In the contemporary world, substance use has become one of the leading health concerns for the population. Teenagers and young adults are especially vulnerable to substance misuse. Substance use among adolescents can cause long-term health problems or even lead to death. Thus, it is vital to prepare nursing professionals for screening and treating adolescent patients using substances. Among substances, the most common and harmful in case of abuse are synthetic and prescribed opioids. This essay explores the misuse of opioids by adolescents, ethical considerations in screening and treating adolescent patients using opioids, and external stressors contributing to opioid abuse by the youth.
Contemporary adolescents are vulnerable to opioid use since they face numerous external stressors. These include parental and other forms of abuse, family dysfunction, adverse life events, substance use by family members, and trauma (Seney et al., 2020). It is likely that young people who experienced parental abuse, neglect, or any traumatic events, will resort to opioid use if they have no alternative coping mechanisms (Seney et al., 2020). Moreover, substance use is often one of the several outcomes of trauma in adolescents. Commonly it co-occurs with depression, anxiety, and other mental disorders (Seney et al., 2020). These issues can worsen opioid use and vice versa.
When screening for opioid abuse in adolescents, it is possible to use existing tools. One such device is the Problem Oriented Screening Instrument for Teenagers (POSIT) which has a questionnaire and a simplified self-administered computer version (Kelly et al., 2017). It is highly effective in determining substance abuse among young patients (Kelly et al., 2017). POSIT not only identifies the substance use and misuse but also covers the patient’s physical and mental health, family relations, and other factors which can either contribute to or co-occur with opioid abuse. Since POSIT consists of 139 “yes or no” questions, it can seem overwhelming and time-consuming in practice, yet it is highly informative. Another advantage of POSIT is that unlike other screening instruments, such as the effective Alcohol, Smoking, and Substance Involvement Screening Test (ASSIST), it targets specifically teenagers. Thus, when assessing adolescents’ substance use, medical professionals can either ask POSIT questions, print out the questioner or let the patient fill out a self-administered version of the screening.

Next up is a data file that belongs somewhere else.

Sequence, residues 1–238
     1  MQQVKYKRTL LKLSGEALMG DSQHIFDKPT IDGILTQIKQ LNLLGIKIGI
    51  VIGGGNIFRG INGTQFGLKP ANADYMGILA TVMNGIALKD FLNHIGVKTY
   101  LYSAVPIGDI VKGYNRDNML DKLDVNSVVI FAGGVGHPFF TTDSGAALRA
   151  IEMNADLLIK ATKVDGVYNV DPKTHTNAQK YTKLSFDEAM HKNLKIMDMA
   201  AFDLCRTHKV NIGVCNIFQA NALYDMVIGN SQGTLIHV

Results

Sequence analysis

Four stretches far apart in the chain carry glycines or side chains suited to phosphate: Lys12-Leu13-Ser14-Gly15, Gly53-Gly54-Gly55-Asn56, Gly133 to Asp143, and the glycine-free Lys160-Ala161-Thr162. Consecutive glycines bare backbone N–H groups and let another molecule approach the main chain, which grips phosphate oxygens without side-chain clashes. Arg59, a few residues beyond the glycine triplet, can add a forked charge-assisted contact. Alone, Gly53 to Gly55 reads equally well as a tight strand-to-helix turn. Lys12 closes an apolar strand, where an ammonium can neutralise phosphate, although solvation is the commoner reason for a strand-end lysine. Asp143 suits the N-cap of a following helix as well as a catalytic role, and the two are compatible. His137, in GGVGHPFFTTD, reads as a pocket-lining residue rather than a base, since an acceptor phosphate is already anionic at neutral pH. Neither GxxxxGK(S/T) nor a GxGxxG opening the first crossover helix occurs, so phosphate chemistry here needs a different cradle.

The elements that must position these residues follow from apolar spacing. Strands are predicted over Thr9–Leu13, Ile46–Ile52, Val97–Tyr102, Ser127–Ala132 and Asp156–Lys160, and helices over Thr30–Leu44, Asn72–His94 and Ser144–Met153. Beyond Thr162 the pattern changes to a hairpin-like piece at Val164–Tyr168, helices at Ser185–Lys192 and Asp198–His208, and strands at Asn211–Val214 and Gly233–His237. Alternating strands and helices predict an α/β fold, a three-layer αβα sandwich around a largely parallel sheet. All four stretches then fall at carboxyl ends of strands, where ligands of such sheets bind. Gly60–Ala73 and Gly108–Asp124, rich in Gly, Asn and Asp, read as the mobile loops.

The main ethical issue associated with assessing teenage opioid use is identifying what is appropriate to share with the family. Most importantly, it is crucial to establish a trustworthy relationship with the patient (Seney et al., 2020). Trust between the patient and the nurse may create an opportunity for the reframing of the issue and education. If poor parenting causes opioid use, a nurse might cause more damage by revealing the information about the matter to the parents. Otherwise, if the family situation is healthy, it might help explain the benefits of the family’s help to the patient. The care should be patient-centered, and the nurse should be careful to maintain the patient’s interests and wishes.
Generally, young patients use opioids to deal with some psychological trauma. Thus, it is helpful to recognize the patients’ issues and provide them with adaptive coping mechanisms. Apart from that, it might be necessary to search for co-occurring mental disorders. The care plan should be specific to the patient’s needs and circumstances. Sometimes, it is also useful to work with the patient’s family. Overall, the issue is complex and should be treated as such.
Kelly, S. M., O’Grady, K. E., Gryczynski, J., Mitchell, S. G., Kirk, A., & Schwartz, R. P. (2017). The concurrent validity of the Problem Oriented Screening Instrument for Teenagers (POSIT) substance use/abuse subscale in adolescent patients in an urban federally qualified health center. Substance abuse, 38(4), 382-388.
Seney, V., Insana, J., Alberto, A., & Hay, J. (2020). Opioid training development: Cultivating nurse competence through education. Journal of Child and Adolescent Psychiatric Nursing, 33(3), 141-147.